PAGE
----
(Citizen file)

(Citizen file)

Editorial: Water restrictions: every drop in the bucket counts

It should be seen as only the smallest of sacrifices not to be able to wash your car or house

With no end in sight to the drought that has gripped the Cowichan Valley since mid-June, it’s important that we all do our part to conserve our increasingly scarce water resources.

Water restrictions in the Cowichan Valley Regional District have reached Level 3, and we would not be surprised to see them hit Level 4 before the fall rains come. We must all keep in mind that sometimes that is not until well into October. With as dry as it is now, envision how dry it will be without significant rainfall for another month or even two more. It’s not a pretty picture.

So it should be seen as only the smallest of sacrifices not to be able to wash your car or house, or fill your swimming pool, let along power wash the driveway or fence. We cannot afford to send all that water down the drain right now.

And while people are allowed to hand water trees, shrubs and gardens during limited hours for limited time periods (or using drip irrigation or weeper hoses at any time of the day, for a limited period) it’s not too much of a surprise that the Citizen has started hearing from people concerned about some in the Valley who seem to be ignoring those rules.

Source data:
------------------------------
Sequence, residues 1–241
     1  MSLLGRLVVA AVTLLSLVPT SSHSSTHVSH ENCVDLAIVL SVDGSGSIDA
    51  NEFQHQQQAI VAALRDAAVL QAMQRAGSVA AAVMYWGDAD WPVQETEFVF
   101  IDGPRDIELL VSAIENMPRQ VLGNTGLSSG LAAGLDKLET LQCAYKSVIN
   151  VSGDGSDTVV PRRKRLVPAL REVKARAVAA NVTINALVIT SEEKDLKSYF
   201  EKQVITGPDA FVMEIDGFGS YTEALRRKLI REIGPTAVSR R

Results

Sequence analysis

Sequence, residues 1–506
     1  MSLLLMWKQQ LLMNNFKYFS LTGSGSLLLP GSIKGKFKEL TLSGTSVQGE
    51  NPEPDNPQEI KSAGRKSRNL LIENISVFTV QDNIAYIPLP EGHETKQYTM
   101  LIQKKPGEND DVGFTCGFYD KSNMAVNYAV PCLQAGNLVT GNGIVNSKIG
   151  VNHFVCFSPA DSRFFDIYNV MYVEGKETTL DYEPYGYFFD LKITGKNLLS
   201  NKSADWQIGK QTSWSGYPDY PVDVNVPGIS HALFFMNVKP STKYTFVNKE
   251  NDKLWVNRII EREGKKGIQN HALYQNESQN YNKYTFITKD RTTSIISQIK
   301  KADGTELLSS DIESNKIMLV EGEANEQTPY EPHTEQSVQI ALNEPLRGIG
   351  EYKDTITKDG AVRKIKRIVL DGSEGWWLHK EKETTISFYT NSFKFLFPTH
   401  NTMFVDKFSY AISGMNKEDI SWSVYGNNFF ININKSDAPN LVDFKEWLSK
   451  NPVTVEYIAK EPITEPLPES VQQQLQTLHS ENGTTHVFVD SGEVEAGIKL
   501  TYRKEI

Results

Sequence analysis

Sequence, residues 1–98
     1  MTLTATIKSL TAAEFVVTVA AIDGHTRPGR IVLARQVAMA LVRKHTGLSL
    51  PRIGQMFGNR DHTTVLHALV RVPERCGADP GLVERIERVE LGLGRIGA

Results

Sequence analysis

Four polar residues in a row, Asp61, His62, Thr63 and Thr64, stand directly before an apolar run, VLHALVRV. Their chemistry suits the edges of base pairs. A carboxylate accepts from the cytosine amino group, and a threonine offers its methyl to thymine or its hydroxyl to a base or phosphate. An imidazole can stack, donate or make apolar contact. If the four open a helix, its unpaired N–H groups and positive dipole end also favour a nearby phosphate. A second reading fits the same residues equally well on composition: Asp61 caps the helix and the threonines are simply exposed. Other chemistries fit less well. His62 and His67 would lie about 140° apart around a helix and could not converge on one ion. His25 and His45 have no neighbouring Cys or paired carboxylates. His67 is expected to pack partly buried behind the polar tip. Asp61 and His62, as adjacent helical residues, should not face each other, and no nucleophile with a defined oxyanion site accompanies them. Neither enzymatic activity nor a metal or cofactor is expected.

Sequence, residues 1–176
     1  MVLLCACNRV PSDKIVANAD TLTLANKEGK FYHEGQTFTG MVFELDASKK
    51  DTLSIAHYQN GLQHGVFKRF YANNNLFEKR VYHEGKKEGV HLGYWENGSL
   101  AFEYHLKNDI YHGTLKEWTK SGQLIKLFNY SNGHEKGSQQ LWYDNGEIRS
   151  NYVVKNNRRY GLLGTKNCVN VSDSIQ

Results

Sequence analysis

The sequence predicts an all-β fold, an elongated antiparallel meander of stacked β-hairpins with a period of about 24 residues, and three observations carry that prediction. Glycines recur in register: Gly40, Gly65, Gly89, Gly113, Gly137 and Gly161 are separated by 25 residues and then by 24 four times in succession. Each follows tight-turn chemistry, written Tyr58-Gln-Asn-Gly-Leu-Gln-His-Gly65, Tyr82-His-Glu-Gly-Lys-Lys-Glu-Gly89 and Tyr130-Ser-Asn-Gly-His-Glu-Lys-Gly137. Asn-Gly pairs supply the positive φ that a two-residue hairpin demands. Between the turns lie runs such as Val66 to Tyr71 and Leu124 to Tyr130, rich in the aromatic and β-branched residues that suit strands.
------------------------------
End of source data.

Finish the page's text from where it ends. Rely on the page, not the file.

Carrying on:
To those who may be operating outside of the parameters set by the CVRD, including businesses and institutions, we urge you to join the water saving effort with the rest of us.

If you have too large an area to cover or too little time to hand water, it’s not too late to invest in some drip irrigation or weeper hoses. Chances are very good that you’ll need them again in the years to come anyway, so look at it as an investment in the future. Kind of like that air conditioner you probably bought during the heat wave. Also consider using your grey water to help your watering efforts — so wash your dishes in a pan and take the water outdoors for your flowers, veggies or trees. Your plants won’t care that it’s dirty.

Another thing you should consider if you have any large trees on your property is to set aside some of your watering time, or a few buckets of grey water, to give them a little love. While in a normal summer we don’t usually worry about large trees with well developed root systems, in this kind of drought we need to, or we will be losing a lot of beautiful, mature trees. Trees that are hurting are turning brown, with drooping, withering leaves or needles.

Getting us all through this is the goal.

Editorials